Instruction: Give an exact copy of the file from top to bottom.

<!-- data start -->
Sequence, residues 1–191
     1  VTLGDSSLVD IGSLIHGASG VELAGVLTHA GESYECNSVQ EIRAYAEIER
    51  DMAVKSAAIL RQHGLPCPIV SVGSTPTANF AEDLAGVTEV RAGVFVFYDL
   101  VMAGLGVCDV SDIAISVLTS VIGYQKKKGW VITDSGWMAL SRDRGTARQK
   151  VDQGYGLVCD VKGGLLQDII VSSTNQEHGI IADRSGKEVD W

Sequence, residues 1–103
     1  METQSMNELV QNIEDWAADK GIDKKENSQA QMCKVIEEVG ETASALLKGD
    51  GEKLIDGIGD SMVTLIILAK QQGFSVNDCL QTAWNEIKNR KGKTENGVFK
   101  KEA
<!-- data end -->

Sequence, residues 1–191
     1  VTLGDSSLVD IGSLIHGASG VELAGVLTHA GESYECNSVQ EIRAYAEIER
    51  DMAVKSAAIL RQHGLPCPIV SVGSTPTANF AEDLAGVTEV RAGVFVFYDL
   101  VMAGLGVCDV SDIAISVLTS VIGYQKKKGW VITDSGWMAL SRDRGTARQK
   151  VDQGYGLVCD VKGGLLQDII VSSTNQEHGI IADRSGKEVD W

Sequence, residues 1–103
     1  METQSMNELV QNIEDWAADK GIDKKENSQA QMCKVIEEVG ETASALLKGD
    51  GEKLIDGIGD SMVTLIILAK QQGFSVNDCL QTAWNEIKNR KGKTENGVFK
   101  KEA